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    If you use the navmenu you can navigate to the Donation page. Browse > Donations I will have donation goals listed here that I would like to meet for a variety of things that will be explained in those goals. Any donation of at least $7.50 will get you 30 days of the "donator" member group which allows you to have infinite PM space, infinite likes per day, infinite image uploads, and allows access to non-default themes. (At the moment there is only an under-construction white theme - but expect there to be conference and team related teams as I make them). Once I get everything fully working I will add 2017 Stretch Goals of stuff to be added once those donations are hit. Bowl Sponsorships will become a thing again but will be a certain amount per year in addition to other things. You WILL NOT receive any further sim-related info for donating. The sim will always remain free. Soluna Exact Donation Breakdown 7.50-14.99 = 30 Days 15.00-22.49 = 60 Days 22.50-29.99 = 90 Days 30.00+ = 120 Days
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    Season records that have already been broken: Season records that may be broken this week:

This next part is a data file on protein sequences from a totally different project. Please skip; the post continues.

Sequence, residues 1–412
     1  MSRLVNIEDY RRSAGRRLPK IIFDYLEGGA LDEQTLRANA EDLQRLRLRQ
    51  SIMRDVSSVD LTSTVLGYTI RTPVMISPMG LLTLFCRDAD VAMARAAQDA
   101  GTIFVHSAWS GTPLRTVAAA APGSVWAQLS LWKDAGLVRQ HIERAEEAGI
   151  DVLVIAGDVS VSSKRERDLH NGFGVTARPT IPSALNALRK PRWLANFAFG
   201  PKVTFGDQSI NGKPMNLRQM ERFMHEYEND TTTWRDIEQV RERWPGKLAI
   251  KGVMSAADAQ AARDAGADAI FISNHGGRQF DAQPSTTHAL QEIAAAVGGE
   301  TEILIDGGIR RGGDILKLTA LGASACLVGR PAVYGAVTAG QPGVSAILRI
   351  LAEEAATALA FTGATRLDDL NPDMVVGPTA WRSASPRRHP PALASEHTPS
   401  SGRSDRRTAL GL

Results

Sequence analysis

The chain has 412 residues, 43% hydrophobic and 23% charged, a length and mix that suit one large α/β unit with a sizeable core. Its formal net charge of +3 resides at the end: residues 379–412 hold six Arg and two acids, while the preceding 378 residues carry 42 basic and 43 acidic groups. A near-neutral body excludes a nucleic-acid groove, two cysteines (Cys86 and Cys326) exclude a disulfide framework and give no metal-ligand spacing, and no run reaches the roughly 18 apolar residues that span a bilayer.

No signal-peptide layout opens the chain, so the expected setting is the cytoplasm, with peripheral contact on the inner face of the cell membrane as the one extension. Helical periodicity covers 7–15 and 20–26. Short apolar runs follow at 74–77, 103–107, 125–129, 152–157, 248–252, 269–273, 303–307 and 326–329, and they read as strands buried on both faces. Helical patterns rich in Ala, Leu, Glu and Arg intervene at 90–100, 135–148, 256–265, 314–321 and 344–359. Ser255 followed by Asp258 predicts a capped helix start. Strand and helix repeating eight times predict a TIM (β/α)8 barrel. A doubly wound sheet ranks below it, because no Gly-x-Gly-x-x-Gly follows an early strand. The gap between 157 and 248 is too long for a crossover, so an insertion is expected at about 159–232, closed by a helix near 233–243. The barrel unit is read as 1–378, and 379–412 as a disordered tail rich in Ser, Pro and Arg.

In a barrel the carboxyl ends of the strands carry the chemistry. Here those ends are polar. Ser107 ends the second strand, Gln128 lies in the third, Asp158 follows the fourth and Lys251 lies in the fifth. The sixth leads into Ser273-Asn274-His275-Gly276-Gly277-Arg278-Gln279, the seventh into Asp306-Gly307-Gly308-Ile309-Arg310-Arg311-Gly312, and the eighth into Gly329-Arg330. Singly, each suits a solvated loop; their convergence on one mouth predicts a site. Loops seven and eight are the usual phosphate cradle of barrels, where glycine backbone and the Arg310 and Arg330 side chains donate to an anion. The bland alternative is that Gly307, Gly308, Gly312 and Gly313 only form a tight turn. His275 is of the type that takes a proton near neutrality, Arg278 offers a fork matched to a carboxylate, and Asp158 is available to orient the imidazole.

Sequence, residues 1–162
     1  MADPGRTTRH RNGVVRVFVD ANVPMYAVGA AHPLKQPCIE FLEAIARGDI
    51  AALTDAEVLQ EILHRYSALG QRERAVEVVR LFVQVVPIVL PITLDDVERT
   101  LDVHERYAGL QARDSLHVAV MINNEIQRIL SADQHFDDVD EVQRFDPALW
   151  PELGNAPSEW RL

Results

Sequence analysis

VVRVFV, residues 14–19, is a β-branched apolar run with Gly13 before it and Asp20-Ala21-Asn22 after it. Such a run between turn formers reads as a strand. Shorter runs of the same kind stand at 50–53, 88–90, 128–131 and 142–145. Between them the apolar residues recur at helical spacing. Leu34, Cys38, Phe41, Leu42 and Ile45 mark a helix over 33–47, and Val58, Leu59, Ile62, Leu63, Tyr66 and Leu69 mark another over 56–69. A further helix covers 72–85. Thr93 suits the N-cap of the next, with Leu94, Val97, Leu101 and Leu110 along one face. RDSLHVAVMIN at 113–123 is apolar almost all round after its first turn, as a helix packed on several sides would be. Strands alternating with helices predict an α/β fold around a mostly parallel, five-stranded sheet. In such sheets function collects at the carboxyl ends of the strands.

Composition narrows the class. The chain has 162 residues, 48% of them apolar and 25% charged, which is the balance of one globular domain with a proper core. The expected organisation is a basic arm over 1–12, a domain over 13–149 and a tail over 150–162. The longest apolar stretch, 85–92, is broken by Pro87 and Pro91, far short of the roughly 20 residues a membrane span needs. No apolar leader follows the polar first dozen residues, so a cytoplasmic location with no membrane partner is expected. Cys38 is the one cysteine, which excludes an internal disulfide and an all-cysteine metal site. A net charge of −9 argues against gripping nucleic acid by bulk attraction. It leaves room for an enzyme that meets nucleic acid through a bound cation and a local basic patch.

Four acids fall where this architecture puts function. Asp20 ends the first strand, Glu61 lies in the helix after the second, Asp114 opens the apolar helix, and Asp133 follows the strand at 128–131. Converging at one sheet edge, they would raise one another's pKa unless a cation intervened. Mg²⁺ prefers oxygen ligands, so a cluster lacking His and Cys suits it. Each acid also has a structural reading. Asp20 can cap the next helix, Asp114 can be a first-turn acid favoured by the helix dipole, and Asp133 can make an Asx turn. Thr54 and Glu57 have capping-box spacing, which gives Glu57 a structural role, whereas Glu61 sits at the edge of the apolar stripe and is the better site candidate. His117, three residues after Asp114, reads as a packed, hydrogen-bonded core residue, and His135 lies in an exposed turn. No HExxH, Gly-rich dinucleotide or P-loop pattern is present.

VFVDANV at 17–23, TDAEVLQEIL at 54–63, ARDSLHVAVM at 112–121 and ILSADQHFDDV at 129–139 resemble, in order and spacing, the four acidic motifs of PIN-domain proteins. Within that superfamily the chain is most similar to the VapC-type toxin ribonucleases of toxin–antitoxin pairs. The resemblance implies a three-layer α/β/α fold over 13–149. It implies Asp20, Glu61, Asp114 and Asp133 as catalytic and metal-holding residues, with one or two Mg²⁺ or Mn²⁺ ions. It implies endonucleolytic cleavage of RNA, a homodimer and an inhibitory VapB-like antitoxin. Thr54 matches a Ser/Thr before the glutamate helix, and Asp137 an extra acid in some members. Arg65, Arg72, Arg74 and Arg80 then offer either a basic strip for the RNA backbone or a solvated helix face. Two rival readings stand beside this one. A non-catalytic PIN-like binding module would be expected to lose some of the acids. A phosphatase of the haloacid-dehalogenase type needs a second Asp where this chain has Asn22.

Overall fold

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    2019 CFBHC National Championship Game National Championship Game (Miami Gardens, FL/+7/+6) Semifinals (Location, Loser's Recruiting Points) Game #1 - Peach Bowl (Atlanta, GA/+5) Game #2 - Fiesta Bowl (Glendale, AZ/+5) Quarterfinals (Location, Loser's Recruiting Points) #1 vs #8 (Glendale, AZ/+4) #2 vs #7 (Arlington, TX/+4) #3 vs #6 (New Orleans, LA/+4) #4 vs #5 (Miami Gardens, FL/+4) Alamo Bowl (San Antonio, TX/+3/+2) vs Armed Forces Bowl (Fort Worth, TX/+2/+1) vs Bahamas Bowl (Nassau, BH/+2/+1) vs Bay Area Bowl (Santa Clara, CA/+2/+1) vs Birmingham Bowl (Birmingham, AL/+2/+1) vs Boca Raton Bowl (Boca Raton, FL/+3/+2) vs Cactus Bowl (Phoenix, AZ/+2/+1) vs Charlotte Bowl (Charlotte, NC/+3/+2) vs Citrus Bowl (Orlando, FL/+3/+2) vs Detroit Bowl (Detroit, MI/+2/+1) vs Famous Idaho Potato Bowl (Boise, ID/+3/+2) vs Gator Bowl (Jacksonville, FL/+2/+1) vs Hawai'i Bowl (Honolulu, HI/+2/+1) vs Heart of Dallas Bowl (Dallas, TX/+3/+2) vs Holiday Bowl (San Diego, CA/+3/+2) vs Independence Bowl (Shreveport, LA/+2/+1) vs Las Vegas Bowl (Las Vegas, NV/+3/+2) vs Liberty Bowl (Memphis, TN/+2/+1) vs Miami Beach Bowl (Miami, FL/+3/+2) vs Military Bowl (Annapolis, MD/+2/+1) vs Music City Bowl (Nashville, TN/+3/+2) vs New Mexico Bowl (Albuquerque, NM/+2/+1) vs Orange Bowl (Miami Gardens, FL/+4/+3) vs Orlando Bowl (Orlando, FL/+3/+2) vs Pinstripe Bowl (Bronx, NY/+3/+2) vs Rose Bowl (Pasadena, CA/+4/+3) vs St. Petersburg Bowl (St. Petersburg, FL/+2/+1) vs Sugar Bowl (New Orleans, LA/+4/+3) vs Sun Bowl (El Paso, TX/+3/+2) vs Tampa Bowl (Tampa, FL/+3/+2) vs Texas Bowl (Houston, TX/+2/+1) vs